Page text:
CBA doesn’t specifically prohibit an indefinite suspension

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One of the primary arguments made on behalf of Browns defensive end Myles Garrett in opposition to his indefinite suspension flowed from the idea that the labor deal doesn’t permit an indefinite suspension for on-field misconduct. While that argument didn’t work before hearing officer James Thrash, it has hit the bull’s-eye as to plenty of Browns fans looking for something/anything when defending him.

The only problem is that there’s no basis in the CBA for the notion that an indefinite suspension is prohibited.

Article 46 sets forth the terms and conditions of discipline imposed by the league. It contains no language that would limit the ability of the league to fashion the punishment that was imposed on Garrett.

This likely won’t stop those who are determined to defend the indefensible. To the extent anyone is wondering, however, whether the CBA supports the argument that an indefinite suspension isn’t allowed, it is.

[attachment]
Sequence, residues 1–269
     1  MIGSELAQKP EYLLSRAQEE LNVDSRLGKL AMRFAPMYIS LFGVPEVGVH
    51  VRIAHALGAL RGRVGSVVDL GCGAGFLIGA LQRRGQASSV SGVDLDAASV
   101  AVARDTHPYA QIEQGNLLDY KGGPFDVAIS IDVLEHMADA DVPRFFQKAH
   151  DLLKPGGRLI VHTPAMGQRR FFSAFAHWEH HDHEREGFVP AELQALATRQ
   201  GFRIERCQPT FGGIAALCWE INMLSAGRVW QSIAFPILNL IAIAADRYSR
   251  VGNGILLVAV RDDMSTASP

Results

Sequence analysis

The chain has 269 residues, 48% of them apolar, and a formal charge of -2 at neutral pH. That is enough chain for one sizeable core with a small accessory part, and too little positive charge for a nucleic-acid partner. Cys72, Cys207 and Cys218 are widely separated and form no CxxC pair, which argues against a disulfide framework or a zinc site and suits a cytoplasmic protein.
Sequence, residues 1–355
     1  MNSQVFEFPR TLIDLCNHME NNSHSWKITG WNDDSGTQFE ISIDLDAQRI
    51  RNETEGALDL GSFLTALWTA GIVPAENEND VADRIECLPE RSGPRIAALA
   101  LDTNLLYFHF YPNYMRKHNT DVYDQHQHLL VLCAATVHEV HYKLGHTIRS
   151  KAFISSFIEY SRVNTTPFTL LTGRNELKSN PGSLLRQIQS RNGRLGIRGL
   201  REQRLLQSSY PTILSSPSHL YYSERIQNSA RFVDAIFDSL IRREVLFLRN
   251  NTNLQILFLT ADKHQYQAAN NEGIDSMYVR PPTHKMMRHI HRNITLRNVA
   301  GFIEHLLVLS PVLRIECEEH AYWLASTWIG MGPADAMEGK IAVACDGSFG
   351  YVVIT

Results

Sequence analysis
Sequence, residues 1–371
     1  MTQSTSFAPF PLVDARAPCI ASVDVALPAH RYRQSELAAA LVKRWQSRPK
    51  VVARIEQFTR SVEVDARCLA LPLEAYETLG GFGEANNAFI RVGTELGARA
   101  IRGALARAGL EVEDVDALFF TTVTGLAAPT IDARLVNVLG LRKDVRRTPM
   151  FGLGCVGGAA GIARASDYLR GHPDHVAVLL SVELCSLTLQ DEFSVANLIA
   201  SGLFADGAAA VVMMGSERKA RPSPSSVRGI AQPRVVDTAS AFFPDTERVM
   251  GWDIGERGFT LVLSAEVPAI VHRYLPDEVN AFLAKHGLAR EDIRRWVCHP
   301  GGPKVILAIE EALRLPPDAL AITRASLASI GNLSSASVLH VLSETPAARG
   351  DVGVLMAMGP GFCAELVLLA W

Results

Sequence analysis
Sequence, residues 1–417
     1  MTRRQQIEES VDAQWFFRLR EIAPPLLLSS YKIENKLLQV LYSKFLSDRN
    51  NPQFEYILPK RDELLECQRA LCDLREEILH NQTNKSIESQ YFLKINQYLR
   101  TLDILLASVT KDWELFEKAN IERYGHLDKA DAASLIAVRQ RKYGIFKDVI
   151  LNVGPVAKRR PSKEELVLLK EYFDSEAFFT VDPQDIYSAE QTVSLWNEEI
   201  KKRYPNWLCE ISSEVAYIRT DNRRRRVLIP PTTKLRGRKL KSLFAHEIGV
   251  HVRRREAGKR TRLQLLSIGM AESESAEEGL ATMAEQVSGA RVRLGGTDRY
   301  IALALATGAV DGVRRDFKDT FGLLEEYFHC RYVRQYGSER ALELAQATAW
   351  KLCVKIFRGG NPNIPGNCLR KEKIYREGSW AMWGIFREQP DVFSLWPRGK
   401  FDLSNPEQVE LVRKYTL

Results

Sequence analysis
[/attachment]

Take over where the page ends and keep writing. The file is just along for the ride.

Garrett will miss the rest of the 2019 season. In the offseason, he’ll be required to meet with the Commissioner before a decision is made regarding further discipline or a Week One reinstatement for 2020.

4 responses to “CBA doesn’t specifically prohibit an indefinite suspension

  1. He doesn’t seem very smart so it’s going to be interesting to see how he plays things now that the suspension wasn’t reduced. The smart play would be contrition and letting his crazy racial accusations die away. But if he goes the opposite route and doubles down, accusing the NFL of hiding evidence of the supposed slur, he’ll never see the field again.

  2. Indefinite suspension just means the guy that gets paid the big bucks to make decisions is indecisive.

    But he’s insulated by “yes men” that will never question the indecisiveness of the decision maker.

  3. All of this is just going to make the Browns more determined to come to Rustburg and embarrass “One-TD-Rudolph” and his old, slow O-line.

  4. Interesting that a lawyer would not reference the legal interpretation concept,”Expressio unius est exclusio alterius” – the expression of one thing excludes all others. The CBA schedule of penalties should exclude the imposition of uncapped penalties such as those levied by the NFL. Does the governing law of he CBA allow disregard of such long standing legal interpretation principles? This is not about Garrett’s act but about the conduct of the NFL. The NFLPA should file a grievance to stop the NFL from unilaterally rewriting the CBA (and contract law principles).

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